And even Joe — I mean, we're like, “Oh gosh, how is Joe going to handle this show? Where's he going to go with it?” And he's the same way. Actually, they change him way more than anybody on the whole show.
So what is it like being a culinary producer for so many major shows? Did you invent this job for yourself?
I was in Season 3 of “Top Chef” in Miami. I got voted off second. When I got on the show, and saw my competition, I was like, “Oh, they're way past my skill level. What am I doing here? This makes no sense.” I got voted off second, and at that point they sequester you for the rest of the show, because if you were at home, then everybody would know. Spoiler alert. So I got to sit behind the scenes and watch it unfold. And that was amazing. At that point I knew, that is what I wanted to do.
I'm glad that being eliminated second turned out really well for you.
Yeah, it did. It did. Now I have a crew of 26. Our team tests every challenge that we've done. And so we push it all the way to that exact hands-up moment, and we watch it, and we watch it unfold in front of our eyes, and make sure that it's going to be good TV.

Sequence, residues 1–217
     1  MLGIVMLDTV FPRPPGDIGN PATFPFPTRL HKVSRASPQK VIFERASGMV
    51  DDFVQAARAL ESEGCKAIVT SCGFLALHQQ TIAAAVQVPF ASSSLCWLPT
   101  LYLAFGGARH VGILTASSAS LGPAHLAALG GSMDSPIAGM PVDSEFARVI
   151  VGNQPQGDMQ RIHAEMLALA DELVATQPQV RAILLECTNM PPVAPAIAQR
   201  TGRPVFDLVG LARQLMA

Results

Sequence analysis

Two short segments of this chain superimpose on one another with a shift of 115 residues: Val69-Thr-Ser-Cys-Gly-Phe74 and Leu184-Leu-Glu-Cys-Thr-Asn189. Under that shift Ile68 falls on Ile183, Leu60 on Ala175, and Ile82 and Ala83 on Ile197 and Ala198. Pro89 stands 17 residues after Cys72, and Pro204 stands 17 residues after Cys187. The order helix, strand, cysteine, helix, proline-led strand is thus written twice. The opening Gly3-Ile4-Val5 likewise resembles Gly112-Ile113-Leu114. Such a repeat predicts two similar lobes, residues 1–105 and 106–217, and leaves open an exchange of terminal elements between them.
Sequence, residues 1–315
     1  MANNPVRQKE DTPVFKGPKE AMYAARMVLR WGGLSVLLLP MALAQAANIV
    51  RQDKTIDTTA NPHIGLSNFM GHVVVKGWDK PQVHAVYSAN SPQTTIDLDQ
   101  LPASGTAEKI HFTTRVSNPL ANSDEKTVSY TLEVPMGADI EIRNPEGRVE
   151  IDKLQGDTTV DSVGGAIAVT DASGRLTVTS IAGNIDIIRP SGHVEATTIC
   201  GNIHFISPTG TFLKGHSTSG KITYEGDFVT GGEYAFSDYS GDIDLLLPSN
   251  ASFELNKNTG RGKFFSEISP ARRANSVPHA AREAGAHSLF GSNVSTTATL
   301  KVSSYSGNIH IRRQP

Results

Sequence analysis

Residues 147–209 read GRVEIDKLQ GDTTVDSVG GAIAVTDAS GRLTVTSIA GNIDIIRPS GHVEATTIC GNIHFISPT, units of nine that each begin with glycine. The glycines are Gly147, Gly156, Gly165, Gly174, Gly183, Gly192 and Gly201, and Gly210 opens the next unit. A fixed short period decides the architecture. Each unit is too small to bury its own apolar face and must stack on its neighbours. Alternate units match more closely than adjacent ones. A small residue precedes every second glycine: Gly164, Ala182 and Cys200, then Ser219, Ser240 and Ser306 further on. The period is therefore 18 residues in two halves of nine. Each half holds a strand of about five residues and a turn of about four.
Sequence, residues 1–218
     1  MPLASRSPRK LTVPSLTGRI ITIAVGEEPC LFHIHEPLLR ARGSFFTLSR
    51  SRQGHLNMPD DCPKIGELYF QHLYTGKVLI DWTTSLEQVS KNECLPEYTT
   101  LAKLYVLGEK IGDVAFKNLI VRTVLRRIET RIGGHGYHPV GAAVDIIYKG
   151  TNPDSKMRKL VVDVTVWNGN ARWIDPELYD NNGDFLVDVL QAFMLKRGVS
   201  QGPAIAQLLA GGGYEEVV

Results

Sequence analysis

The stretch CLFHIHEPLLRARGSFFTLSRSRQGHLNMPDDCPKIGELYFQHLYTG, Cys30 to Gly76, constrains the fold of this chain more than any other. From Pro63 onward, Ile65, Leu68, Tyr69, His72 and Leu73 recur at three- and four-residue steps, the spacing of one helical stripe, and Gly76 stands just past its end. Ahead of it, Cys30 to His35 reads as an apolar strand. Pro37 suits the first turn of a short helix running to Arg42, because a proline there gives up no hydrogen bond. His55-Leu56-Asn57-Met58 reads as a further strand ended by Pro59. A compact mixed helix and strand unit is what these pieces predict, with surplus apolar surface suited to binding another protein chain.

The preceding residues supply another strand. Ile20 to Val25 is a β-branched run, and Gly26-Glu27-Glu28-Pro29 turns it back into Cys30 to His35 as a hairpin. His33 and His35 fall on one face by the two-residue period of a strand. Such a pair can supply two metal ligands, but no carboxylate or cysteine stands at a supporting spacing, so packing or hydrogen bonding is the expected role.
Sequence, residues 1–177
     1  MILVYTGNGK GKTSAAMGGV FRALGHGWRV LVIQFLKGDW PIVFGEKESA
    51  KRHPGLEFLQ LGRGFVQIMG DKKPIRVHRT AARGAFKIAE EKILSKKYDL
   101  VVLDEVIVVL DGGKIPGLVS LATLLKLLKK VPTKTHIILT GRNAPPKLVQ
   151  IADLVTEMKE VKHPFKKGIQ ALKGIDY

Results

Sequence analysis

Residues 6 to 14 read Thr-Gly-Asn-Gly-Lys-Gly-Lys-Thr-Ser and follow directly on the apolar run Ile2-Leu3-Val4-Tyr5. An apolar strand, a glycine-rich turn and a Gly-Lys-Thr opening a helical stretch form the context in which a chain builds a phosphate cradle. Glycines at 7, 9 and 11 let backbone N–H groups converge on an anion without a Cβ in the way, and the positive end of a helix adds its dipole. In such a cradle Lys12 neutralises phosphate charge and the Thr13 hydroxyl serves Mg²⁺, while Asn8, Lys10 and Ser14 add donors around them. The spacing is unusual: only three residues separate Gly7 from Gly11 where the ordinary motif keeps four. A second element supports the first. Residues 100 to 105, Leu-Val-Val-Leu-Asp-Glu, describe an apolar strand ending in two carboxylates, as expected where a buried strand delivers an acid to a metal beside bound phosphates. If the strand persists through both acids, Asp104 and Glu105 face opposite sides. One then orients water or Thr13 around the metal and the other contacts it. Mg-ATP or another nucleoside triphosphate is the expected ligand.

Lastly: What's your favorite challenge that you've done on “MasterChef Junior”?
Tag team. Tag team’s always my favorite challenge. No matter how many times we test it, no matter how you think it's going to be successful, anything could happen. You've got so much riding on the fact that people are switching out — and if they've forgotten something, it's not going to happen. So, literally, I am on my tiptoes the entire time. I never sit during a challenge like that. We don't breathe. From the time that we start developing the tag team challenge to that hands-up moment, it's tiptoes. That inspires me more than anything, because I know then the audience is feeling the exact same way.